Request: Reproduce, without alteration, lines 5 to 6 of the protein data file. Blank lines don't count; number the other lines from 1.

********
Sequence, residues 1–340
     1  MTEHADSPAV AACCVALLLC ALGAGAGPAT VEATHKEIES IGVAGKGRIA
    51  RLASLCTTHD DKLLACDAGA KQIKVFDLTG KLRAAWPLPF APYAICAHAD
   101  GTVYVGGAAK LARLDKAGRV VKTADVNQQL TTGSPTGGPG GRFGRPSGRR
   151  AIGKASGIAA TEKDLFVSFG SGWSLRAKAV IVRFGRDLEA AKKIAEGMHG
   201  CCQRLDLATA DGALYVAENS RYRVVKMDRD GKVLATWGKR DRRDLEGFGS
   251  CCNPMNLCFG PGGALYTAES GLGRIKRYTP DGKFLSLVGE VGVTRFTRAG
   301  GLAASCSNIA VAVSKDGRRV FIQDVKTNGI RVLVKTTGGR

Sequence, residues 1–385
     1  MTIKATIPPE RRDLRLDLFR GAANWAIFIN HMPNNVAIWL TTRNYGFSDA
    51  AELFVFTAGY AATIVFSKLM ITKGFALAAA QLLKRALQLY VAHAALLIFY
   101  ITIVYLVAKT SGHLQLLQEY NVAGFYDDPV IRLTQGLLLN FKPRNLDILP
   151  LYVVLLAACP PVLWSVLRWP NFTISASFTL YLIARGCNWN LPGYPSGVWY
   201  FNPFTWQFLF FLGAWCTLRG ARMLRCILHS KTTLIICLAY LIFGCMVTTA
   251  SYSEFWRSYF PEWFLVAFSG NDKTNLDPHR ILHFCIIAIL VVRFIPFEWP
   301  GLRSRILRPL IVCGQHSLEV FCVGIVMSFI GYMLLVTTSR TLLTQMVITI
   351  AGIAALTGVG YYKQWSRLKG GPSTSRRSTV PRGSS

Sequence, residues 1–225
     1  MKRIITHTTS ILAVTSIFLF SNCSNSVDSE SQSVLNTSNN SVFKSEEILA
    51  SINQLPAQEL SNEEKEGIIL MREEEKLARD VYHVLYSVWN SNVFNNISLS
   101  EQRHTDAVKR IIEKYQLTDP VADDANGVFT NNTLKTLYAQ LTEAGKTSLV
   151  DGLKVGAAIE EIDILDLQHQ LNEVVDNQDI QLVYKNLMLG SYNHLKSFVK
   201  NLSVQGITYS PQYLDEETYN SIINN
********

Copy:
   151  AIGKASGIAA TEKDLFVSFG SGWSLRAKAV IVRFGRDLEA AKKIAEGMHG
   201  CCQRLDLATA DGALYVAENS RYRVVKMDRD GKVLATWGKR DRRDLEGFGS